Majority of restaurants won’t last longer than six months: survey


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As of July 10, Yelp found 26,160 restaurant closures — an increase of 23 per cent from June 15, CNN reported on the weekend. Of these, 15,770 establishments have permanently closed. According to the U.S. Census Bureau, restaurants have lost more revenue and jobs than any other industry. Restaurants already operate with thin margins, Justin Norman, vice-president of data science at Yelp, told ABC News. And they have had to contend with abrupt closures and inconsistent reopenings as COVID-19 cases have risen across the U.S.

The situation is more stable on this side of the border, but it has its challenges. Most Quebec restaurants were permitted to reopen their dining rooms as of June 15; Montreal and Joliette reopened June 22. Ninety-one per cent of survey respondents said their restaurants have opened — but the majority said social distancing requirements mean seating capacity in their establishments is now just 40 to 60 per cent of what it was before the pandemic.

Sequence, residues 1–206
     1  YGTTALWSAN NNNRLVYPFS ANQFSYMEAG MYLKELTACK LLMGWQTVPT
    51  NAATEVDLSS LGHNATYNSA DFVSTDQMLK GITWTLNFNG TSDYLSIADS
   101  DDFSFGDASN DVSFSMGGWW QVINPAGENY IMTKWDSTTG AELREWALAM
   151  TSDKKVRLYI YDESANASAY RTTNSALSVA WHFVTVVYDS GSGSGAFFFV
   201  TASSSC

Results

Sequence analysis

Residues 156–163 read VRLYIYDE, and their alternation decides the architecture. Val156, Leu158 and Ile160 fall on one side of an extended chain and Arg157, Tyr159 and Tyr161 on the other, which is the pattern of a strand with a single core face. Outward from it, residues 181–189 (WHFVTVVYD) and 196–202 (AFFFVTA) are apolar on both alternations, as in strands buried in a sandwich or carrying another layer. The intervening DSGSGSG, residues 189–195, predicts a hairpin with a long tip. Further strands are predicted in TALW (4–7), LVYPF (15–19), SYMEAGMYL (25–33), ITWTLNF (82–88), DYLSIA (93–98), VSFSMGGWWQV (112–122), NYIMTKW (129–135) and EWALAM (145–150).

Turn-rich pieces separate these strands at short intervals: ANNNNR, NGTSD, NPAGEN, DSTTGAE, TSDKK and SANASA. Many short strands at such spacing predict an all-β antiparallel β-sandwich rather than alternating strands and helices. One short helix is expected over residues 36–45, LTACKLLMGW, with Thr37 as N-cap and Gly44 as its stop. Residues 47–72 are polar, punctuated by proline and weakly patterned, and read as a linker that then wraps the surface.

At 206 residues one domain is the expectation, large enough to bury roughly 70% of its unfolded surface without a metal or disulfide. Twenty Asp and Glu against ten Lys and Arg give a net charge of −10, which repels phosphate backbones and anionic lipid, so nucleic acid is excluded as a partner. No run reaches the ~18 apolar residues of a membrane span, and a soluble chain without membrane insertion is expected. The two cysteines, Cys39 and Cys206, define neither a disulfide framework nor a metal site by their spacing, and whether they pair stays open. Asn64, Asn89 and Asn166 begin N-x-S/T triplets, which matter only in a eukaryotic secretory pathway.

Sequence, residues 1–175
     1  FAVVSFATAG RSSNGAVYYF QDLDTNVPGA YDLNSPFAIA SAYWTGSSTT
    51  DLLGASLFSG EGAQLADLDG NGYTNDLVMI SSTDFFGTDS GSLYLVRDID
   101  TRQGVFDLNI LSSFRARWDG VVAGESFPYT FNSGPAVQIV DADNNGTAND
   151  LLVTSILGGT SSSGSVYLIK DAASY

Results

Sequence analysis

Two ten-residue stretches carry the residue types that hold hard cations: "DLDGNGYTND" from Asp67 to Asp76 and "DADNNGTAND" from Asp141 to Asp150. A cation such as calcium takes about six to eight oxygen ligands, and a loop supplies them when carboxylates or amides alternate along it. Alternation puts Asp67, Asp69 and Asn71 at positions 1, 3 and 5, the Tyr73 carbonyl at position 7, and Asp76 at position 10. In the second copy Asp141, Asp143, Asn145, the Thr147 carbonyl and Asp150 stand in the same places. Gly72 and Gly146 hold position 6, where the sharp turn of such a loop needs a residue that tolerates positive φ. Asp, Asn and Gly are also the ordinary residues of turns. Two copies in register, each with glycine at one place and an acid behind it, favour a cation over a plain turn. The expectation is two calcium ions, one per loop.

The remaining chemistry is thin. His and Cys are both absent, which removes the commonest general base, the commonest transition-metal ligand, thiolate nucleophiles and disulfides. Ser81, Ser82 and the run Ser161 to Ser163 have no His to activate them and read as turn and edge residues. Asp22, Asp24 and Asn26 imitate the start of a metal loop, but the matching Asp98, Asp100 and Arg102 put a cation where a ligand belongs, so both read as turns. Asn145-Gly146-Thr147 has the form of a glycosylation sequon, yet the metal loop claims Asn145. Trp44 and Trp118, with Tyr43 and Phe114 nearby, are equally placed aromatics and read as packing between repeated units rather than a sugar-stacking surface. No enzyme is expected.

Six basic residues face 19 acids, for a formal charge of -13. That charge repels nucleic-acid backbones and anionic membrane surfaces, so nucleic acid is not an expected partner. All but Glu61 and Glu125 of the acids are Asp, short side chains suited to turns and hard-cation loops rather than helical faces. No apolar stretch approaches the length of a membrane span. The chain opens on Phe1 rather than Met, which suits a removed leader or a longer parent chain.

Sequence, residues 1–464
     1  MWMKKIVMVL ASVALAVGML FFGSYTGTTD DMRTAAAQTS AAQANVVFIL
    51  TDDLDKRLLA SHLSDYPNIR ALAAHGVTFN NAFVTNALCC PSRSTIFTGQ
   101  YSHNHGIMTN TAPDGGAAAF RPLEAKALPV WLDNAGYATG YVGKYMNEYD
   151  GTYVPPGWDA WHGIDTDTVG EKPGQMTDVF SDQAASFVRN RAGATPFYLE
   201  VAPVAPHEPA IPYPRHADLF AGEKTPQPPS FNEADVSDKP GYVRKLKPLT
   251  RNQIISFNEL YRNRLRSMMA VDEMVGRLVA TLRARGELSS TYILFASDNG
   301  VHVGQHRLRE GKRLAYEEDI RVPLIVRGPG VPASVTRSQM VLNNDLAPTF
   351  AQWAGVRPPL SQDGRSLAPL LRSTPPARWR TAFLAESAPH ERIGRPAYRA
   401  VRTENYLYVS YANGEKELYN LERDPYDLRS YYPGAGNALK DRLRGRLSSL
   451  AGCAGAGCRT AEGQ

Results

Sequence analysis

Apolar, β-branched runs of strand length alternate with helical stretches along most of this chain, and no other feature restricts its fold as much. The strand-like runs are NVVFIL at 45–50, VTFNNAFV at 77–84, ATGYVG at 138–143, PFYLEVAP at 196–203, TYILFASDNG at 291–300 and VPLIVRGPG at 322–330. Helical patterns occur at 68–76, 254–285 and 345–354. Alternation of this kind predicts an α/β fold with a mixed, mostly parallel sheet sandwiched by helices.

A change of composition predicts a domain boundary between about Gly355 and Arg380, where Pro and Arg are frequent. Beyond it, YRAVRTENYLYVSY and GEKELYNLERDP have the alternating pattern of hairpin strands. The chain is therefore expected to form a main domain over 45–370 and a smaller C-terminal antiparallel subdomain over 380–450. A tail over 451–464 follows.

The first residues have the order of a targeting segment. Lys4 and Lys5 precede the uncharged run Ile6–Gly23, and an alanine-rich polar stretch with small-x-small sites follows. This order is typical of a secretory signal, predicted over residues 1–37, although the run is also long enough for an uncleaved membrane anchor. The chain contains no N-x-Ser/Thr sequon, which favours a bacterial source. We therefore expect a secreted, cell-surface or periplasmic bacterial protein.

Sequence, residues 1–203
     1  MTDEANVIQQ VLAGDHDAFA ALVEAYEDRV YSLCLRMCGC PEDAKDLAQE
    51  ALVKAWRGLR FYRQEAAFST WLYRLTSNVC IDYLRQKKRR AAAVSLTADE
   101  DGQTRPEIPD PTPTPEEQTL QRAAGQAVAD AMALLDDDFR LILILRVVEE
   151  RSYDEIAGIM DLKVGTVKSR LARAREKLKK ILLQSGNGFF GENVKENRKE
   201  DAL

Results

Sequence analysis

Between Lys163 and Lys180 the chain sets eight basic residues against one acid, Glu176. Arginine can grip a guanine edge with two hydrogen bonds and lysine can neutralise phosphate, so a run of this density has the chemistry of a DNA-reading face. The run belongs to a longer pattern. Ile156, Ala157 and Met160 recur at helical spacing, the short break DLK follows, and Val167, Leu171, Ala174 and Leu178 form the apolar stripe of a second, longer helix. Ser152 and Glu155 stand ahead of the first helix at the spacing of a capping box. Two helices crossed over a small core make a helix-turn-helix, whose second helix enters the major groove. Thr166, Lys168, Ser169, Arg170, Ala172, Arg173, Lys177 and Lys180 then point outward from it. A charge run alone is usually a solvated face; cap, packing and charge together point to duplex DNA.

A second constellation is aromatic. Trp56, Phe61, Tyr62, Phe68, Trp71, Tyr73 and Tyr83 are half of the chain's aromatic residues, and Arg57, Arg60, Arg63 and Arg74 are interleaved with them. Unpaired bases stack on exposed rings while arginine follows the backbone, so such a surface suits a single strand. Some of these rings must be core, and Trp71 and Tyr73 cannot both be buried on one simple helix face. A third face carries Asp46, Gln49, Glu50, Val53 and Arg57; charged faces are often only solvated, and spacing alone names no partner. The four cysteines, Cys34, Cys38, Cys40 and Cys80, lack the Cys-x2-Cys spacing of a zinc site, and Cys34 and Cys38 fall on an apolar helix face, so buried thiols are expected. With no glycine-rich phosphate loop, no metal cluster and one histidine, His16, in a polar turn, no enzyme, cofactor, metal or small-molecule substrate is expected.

Reduced seating capacity, of course, means less business: 88 per cent of respondents said they were doing just 60 per cent of the business they did during the year-earlier period — or less.

Just over eight per cent of respondents said their establishments are temporarily closed — and the main reason is seating capacity too low to allow profitability.

Whether an establishment is small, medium-sized or large, being closed for three months was bad for business and the concern is that a recovery could be slow, the ARQ said in a statement accompanying the July 9 release of the survey. The online survey was conducted June 30 to July 5; about 10 per cent of ARQ members responded.



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